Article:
Interview with Charles Harrison | Arts & Culture | Smithsonian
Harrison: "Practically every product in the Sears, Roebuck line I had a hand in at one time or another." (Tim Klein)

Interview with Charles Harrison

The Smithsonian’s Cooper-Hewitt honors the prolific industrial designer with its Lifetime Achievement Award

smithsonian.com

Charles "Chuck" Harrison designed some 600 household products—everything from blenders to baby cribs, hair dryers to hedge clippers—over his 32-years as an industrial designer for Sears, Roebuck & Company. He spoke with the magazine's Megan Gambino.

How did your parents influence you in your pursuit of art and specifically industrial design?
I think my mother probably planted a seed aesthetically for me to recognize beauty in simple things like flowers, plants and colors. She would enlist me to help her with her making of the house, putting pictures up, selecting pictures and arranging furniture and stuff. I think from my father I gained quite an appetite for creativity, for building things. He was fundamentally a carpenter although he taught industrial arts at a university. I acquired quite a fascination from seeing things grow from nothing to something. We came from very, very modest means, so he built most of the things we had in our house, like our furniture. He built a lot of our toys, and I participated in all that kind of stuff. We built sheds, barns, coops and things, even houses.

I spent hours and hours building model airplanes and actually flying them. Then I had erector sets, where I would build different kind of structures and mechanisms and make powered things move and lift. I built a boat once—took it out to the pond, put it in there and it sank with me. That's how you learn [laughs].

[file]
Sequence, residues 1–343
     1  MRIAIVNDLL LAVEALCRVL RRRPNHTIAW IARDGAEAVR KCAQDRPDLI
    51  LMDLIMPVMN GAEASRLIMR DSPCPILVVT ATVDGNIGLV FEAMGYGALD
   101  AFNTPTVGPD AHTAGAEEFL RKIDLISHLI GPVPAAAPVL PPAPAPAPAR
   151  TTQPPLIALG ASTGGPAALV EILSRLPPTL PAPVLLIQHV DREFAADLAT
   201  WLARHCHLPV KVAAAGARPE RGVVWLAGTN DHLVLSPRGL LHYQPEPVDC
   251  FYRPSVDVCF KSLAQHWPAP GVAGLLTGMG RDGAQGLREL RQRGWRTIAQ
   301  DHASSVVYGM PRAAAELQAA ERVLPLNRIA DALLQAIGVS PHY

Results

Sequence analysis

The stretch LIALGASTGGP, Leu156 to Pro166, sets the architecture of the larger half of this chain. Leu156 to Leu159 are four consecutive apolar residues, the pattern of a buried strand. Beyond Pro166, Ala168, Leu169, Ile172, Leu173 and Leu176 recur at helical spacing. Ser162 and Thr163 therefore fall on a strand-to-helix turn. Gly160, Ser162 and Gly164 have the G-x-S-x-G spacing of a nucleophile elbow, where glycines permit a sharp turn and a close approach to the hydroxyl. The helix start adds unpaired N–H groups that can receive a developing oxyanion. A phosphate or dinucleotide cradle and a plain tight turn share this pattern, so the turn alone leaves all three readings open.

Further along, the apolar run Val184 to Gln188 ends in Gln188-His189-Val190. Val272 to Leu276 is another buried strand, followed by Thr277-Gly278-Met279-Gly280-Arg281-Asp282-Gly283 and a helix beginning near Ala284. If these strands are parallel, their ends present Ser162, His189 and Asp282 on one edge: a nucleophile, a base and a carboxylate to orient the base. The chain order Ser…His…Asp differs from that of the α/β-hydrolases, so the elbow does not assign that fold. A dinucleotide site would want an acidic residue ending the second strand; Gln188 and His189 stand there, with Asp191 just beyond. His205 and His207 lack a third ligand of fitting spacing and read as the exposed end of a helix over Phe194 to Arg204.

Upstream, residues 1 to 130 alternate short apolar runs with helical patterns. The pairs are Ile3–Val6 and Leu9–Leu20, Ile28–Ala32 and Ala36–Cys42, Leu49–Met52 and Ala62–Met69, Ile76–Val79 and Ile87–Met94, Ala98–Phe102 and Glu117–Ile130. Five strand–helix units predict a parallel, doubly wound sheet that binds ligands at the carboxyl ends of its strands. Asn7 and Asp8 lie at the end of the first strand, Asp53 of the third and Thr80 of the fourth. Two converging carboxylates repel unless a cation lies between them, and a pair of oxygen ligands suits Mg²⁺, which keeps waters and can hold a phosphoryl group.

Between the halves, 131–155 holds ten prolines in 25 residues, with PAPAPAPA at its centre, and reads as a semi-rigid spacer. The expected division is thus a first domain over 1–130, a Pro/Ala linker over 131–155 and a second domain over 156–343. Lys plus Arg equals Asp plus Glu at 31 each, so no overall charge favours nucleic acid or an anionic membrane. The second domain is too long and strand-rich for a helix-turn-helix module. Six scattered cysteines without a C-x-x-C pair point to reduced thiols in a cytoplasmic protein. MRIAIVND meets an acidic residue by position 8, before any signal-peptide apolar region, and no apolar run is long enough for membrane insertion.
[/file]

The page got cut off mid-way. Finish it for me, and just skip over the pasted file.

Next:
You say you have always had trouble reading. Did you find that that steered you towards arts and working with images?
I'm certain that directed me to find another way of communicating. Instead of trying to read signs and things, which I couldn't do quickly, I'd look at locations or symbols, houses or buildings to find my way. I was almost completely through college before I really discovered the name for my problem. The issue I had was dyslexia. But I somehow made a way through it, just through pure determination and maybe fear of failure [laughs].

What skills did you learn at the School of the Art Institute of Chicago?
I just had to really learn to draw and take a concept, something that didn't exist except in my mind, and communicate that to other people who would pick up this product along the production floor some place and make it a real product. It was sketching, 3-dimensional drawing like perspective drawing and rendering, which is shading and making images to show what a product will be one day. Then I had to learn to do detailed drawing, make blue prints of the drawings so it could be passed on to engineering and model makers.

Did you have to look around for a while after graduation before landing a job?